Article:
There is much progress left to be made, though. "When you're young, it's easy to be a good goalkeeper with potential, but not many pan out," Howard said. "A lot of people have high hopes for him and it's important he keeps his head down and works hard. That's where great goalkeepers are made, on the training field, working every day."

Klinsmann, too, has raved about Hamid's talent, but quickly echoed that he would require time and polish, and should serve an apprenticeship.

Because time to develop isn't something Hamid has had much of in his goalkeeping career. From the age of 4, he played in the North Virginia soccer club run by his father -- an immigrant of Sierra Leone by way of London -- on account of his ability and a body that grew to be 6-foot-3 and 225 pounds.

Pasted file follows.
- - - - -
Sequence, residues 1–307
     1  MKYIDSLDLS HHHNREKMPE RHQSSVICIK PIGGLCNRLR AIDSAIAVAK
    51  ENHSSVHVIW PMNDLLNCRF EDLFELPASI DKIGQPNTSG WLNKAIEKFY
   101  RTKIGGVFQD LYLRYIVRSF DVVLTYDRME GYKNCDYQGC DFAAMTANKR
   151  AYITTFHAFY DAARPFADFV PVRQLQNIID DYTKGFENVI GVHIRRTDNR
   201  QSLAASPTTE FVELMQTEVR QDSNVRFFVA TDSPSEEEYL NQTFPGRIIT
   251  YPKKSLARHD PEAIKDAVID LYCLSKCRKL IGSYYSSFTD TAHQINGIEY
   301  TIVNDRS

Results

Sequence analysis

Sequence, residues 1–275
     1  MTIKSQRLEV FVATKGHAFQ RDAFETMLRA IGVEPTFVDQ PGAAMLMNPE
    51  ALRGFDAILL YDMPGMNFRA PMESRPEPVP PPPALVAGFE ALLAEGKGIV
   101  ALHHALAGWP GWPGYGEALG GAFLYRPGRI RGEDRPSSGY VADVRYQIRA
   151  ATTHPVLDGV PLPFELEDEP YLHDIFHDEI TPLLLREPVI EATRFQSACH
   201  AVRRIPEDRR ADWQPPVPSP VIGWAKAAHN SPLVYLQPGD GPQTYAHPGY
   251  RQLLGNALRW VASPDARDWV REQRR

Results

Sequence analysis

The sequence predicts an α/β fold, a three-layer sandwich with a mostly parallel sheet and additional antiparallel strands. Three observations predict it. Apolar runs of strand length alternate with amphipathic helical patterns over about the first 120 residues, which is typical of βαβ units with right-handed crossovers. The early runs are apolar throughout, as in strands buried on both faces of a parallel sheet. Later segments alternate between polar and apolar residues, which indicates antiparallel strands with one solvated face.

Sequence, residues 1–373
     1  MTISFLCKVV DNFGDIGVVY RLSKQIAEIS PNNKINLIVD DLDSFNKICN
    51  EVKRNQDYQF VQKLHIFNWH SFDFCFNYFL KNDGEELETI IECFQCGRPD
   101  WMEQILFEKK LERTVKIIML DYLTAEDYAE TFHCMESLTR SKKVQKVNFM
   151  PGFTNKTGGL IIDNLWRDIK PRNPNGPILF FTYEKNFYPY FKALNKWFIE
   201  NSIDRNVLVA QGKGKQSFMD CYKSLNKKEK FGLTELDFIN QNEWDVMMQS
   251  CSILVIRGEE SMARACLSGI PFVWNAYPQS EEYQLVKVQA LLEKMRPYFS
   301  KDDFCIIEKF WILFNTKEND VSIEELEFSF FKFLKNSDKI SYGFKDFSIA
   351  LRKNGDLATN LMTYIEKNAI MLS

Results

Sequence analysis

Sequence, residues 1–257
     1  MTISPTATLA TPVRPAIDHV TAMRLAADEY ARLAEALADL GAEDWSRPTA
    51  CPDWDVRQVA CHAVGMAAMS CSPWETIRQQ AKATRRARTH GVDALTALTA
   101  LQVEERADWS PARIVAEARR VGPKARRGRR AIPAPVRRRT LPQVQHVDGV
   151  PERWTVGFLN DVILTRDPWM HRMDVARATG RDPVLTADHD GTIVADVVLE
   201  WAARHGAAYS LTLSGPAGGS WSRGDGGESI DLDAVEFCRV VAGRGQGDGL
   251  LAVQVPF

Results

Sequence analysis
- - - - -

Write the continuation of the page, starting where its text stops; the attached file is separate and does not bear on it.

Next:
Also a good football and basketball player, Hamid was most serious about soccer, joining the D.C. United academy and becoming its first product to sign a professional contract in September 2009. At only 19, two months into his rookie season, he claimed the starting job from the faltering Troy Perkins for a spell during United's horrid 2010 MLS season. The next offseason, Perkins was dealt to the Portland Timbers, and after recovering from shoulder surgery, Hamid became the full-time starter. On Jan. 21, he made his U.S. debut with a straightforward 1-0 shutout of Venezuela. Throughout his meteoric ascent, Hamid hasn't had the chance to hone his skills in the peaceful shadow of a starting goalkeeper, to put in those crucial years of training repetitions in a professional environment that delay most goalkeepers' first starting jobs until their mid-20s.

Since Hamid has joined the national team, he and Howard, 32, have embarked upon the mentorship Klinsmann had hoped they would. "They're good friends and respect each other, and Bill takes it on board when he works with Tim and watches how he goes about his work as well," Woods said.

"I definitely lean on his advice and his words," Hamid said. "I look up to him as a mentor."